Geese lower their body temperature and heart rate during winter
A new study from Anglia Ruskin University has revealed that geese reduce their heart rate and body temperature in order to endure freezing cold weather.
“We were interested in how geese regulate their metabolic rate and therefore energy expenditure over the annual cycle, and in particular how they deal with the harsh winter months,” said lead author Dr. Claudia Wascher.
As endotherms, birds have the ability to regulate their core temperature, and they typically do so in colder weather by expending more energy.
Geese have an alternative way of dealing with the cold that the experts refer to as “winter hypometabolism,” a condition characterized by a lower heart rate which allows the birds to tolerate a lower core body temperature.
The research team focused its study on 25 wild greylag geese. They equipped the birds with small transmitters to measure body temperature and heart rate over 18 months. The researchers used the heart rate measurements to estimate the energy expenditure of the geese.
The experts found substantial seasonal changes of heart rate and body temperature in all 25 geese, with highs in the summer and lows in the winter. During December and January, the average heart rate was 22 percent lower than the summer peak. In addition, the average body temperature dropped by 1 degree Celsius from summer to winter.
“In order to cope with the challenges of low ambient temperatures and food shortage in winter, it is known that some non-hibernating mammals, such as red deer or Alpine ibex, reduce their energy expenditure in winter and function with lower body temperatures,” said Dr. Wascher. “Our research shows that birds, such as these greylag geese, adopt similar strategies.”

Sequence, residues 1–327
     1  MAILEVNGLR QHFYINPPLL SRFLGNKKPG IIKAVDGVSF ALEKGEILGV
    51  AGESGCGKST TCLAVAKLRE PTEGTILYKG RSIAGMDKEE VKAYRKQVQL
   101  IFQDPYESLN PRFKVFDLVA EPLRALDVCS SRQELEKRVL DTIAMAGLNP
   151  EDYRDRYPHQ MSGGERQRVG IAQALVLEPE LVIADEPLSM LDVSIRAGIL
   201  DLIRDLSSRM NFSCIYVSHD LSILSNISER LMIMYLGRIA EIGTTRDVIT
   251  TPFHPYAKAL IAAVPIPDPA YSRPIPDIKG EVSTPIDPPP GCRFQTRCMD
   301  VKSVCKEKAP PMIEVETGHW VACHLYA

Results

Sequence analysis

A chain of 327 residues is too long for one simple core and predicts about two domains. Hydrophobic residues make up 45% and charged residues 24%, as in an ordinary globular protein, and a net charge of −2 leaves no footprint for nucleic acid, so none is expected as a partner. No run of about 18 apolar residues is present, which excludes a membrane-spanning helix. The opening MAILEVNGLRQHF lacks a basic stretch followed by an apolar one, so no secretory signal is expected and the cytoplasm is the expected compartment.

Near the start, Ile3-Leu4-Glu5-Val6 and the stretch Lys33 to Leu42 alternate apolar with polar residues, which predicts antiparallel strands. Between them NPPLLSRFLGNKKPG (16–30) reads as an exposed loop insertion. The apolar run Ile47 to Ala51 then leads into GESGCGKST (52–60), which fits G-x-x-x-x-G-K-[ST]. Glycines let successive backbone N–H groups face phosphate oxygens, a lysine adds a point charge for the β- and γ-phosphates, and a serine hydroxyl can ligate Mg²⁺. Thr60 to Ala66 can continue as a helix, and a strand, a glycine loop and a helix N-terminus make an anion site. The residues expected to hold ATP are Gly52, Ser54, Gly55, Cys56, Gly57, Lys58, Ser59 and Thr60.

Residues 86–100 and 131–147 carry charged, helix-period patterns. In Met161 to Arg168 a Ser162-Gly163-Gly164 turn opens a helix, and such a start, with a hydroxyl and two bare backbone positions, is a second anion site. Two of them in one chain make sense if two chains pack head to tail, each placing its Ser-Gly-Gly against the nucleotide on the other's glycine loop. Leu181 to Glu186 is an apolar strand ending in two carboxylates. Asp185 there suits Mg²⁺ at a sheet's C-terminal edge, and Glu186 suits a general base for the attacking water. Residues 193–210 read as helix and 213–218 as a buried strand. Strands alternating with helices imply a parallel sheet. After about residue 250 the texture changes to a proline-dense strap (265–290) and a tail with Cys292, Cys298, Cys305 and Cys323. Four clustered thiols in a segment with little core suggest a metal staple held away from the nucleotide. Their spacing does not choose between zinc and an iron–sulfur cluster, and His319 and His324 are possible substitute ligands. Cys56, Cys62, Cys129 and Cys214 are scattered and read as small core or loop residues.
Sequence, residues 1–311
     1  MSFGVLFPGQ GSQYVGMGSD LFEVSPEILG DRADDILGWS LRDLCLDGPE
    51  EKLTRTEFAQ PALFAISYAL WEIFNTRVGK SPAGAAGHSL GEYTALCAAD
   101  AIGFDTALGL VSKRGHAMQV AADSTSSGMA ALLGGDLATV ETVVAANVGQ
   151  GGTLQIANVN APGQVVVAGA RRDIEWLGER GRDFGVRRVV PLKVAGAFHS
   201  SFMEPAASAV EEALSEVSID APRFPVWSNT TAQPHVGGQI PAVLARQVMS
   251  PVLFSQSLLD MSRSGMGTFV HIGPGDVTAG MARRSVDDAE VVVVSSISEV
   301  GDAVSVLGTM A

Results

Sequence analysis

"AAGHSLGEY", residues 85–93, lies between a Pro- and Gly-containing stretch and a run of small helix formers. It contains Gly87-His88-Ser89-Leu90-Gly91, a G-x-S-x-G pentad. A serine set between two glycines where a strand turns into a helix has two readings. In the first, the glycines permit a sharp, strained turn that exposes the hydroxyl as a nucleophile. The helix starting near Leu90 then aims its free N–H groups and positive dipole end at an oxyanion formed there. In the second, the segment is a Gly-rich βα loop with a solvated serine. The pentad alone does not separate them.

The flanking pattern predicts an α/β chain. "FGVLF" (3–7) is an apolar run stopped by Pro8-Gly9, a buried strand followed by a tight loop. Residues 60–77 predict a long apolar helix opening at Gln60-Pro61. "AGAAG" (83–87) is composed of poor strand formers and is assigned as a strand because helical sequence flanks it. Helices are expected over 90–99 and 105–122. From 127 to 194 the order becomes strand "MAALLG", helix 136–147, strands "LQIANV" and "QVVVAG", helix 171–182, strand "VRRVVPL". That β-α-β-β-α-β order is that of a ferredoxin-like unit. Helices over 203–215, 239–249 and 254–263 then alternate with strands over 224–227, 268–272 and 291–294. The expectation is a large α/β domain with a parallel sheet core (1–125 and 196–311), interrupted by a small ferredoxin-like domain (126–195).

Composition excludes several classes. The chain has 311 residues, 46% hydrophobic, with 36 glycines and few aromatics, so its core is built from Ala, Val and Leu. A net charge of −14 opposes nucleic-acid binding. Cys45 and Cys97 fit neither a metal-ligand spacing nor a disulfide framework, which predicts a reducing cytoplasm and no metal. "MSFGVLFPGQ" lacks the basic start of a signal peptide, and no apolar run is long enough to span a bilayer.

Dr. Wascher explained that birds at the research station are fed all year long, and so a lack of food did not influence body temperature and heart rate. She said that the number of daylight hours combined with the ambient temperature were found to be the main determining factors of energy expenditure.
“Our study helps us to gain an understanding of how individuals regulate their physiology in order to adapt to environmental factors,” said Dr. Wascher. “Strikingly it shows similarities in these mechanisms between mammals and birds, despite their large genetic differences.”
The study is published in the journal Scientific Reports.
Image Credit: Dr Claudia Wascher, Anglia Ruskin University